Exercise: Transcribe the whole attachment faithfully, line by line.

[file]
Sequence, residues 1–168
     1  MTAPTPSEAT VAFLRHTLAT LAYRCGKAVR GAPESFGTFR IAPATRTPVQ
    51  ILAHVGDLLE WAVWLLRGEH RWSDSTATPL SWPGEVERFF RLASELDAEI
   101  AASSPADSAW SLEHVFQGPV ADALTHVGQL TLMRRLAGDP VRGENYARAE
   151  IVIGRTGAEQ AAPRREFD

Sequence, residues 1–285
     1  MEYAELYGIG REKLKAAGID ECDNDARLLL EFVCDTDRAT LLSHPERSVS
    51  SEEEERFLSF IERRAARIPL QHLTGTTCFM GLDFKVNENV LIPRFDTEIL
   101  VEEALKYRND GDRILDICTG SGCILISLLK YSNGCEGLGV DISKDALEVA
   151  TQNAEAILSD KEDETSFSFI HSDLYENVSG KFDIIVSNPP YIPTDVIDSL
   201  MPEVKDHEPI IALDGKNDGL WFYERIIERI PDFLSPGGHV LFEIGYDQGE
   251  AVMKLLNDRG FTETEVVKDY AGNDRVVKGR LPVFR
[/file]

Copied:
Sequence, residues 1–168
     1  MTAPTPSEAT VAFLRHTLAT LAYRCGKAVR GAPESFGTFR IAPATRTPVQ
    51  ILAHVGDLLE WAVWLLRGEH RWSDSTATPL SWPGEVERFF RLASELDAEI
   101  AASSPADSAW SLEHVFQGPV ADALTHVGQL TLMRRLAGDP VRGENYARAE
   151  IVIGRTGAEQ AAPRREFD

Sequence, residues 1–285
     1  MEYAELYGIG REKLKAAGID ECDNDARLLL EFVCDTDRAT LLSHPERSVS
    51  SEEEERFLSF IERRAARIPL QHLTGTTCFM GLDFKVNENV LIPRFDTEIL
   101  VEEALKYRND GDRILDICTG SGCILISLLK YSNGCEGLGV DISKDALEVA
   151  TQNAEAILSD KEDETSFSFI HSDLYENVSG KFDIIVSNPP YIPTDVIDSL
   201  MPEVKDHEPI IALDGKNDGL WFYERIIERI PDFLSPGGHV LFEIGYDQGE
   251  AVMKLLNDRG FTETEVVKDY AGNDRVVKGR LPVFR